To convict Servello of official misconduct the State would also be required to prove that Servello acted "with purpose to obtain a benefit for himself or another or to injure or to deprive another of a benefit." N.J.S.A. 2C:30-2. That might be difficult to prove, especially if the reason Servello did not report his investigation to his superiors was because in his opinion they were protecting the criminals he was investigating. Nevertheless, a witness does not have to disclose all of the elements of a crime before it can be said that the information he is compelled to produce may incriminate him. See In re Addonizio, supra, 53 N.J. at 116-117. By furnishing the materials required by the subpoena Servello would be admitting that he had committed acts which would be criminal if done with an improper purpose. He would therefore be compelled to furnish substantial evidence of guilt, thereby creating a reasonable apprehension of incrimination. Ibid.
The committee contends that any material in the possession of Servello is the property of the Bayonne Police Department. The committee argues that under Bellis v. U.S., 417 U.S. 85, 94 S. Ct. 2179, 40 L. Ed. 2d 678 (1974), no one has a Fifth Amendment right to refuse to produce documents of an organization to which he belongs, even though production may incriminate him personally.
The United States Supreme Court has recently dealt with this issue in the case of U.S. v. Doe, 465 U.S. 605, 104 S. Ct. 1237, 79 L. Ed. 2d 552 (1984). In that case a grand jury subpoenaed virtually all of the records of several businesses owned by a sole proprietor. The Supreme Court concluded that since defendant had prepared the business records voluntarily, the subpoena would not force him to restate, repeat or affirm the truth of their content. Hence no compulsory self-incrimination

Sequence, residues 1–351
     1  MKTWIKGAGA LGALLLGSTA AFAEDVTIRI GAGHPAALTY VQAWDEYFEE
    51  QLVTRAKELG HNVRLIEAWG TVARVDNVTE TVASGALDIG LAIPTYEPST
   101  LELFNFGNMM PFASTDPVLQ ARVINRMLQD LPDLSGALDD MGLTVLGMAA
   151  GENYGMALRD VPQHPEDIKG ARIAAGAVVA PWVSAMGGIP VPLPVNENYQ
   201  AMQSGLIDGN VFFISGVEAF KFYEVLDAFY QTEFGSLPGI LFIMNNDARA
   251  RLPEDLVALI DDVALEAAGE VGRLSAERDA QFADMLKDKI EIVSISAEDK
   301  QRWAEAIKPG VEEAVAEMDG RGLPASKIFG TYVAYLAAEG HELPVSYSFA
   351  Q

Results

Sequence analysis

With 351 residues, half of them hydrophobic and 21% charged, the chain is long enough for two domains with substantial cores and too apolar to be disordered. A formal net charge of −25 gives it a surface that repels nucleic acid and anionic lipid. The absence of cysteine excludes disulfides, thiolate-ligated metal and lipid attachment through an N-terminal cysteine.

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was present and the contents of the documents were not constitutionally protected.
The Supreme Court found, however, that although the contents of the documents were not constitutionally protected, the act of producing the documents would amount to testimonial self-incrimination. The district court had found that compelling the respondent to produce the documents would compel him to admit that the records existed, that they were in his possession and that they were authentic. The district court held that such "communications" if made under compulsion to a court decree would violate defendant's Fifth Amendment privilege. The United States Supreme Court decided that it would not disturb the district court's above factual findings, and therefore ruled that the documents at issue could not be subpoenaed.
The reasoning and holding of the Supreme Court in Doe applies here. This is not a case where an individual is holding documents in a representative capacity for an organization. See Bellis v. U.S., supra. Servello is not, for example, a property clerk who would be the lawful custodian of police records or evidence. Servello is not, as in Bellis, a partner seeking to withhold production of a partnership's financial records. The facts here indicate that Servello may be in possession of materials which may have been a crime to compile and not promptly turn over to his superiors. As in Doe, if Servello were compelled to produce this material, then that compelled act would have an incriminating effect without regard to the content of the materials. The compelled production of the materials would lead to conclusions that they did exist, that he did compile them, that they were "authentic" and that he had not disclosed them to his superiors as required by his duty as a police officer. In short, the mere fact that he does possess or control them is incriminating. Here, as in Doe, "the act of producing the documents at issue in this case is privileged." Doe, supra, U.S. at , 104 S. Ct. at 1245, 79 L. Ed. 2d at 563.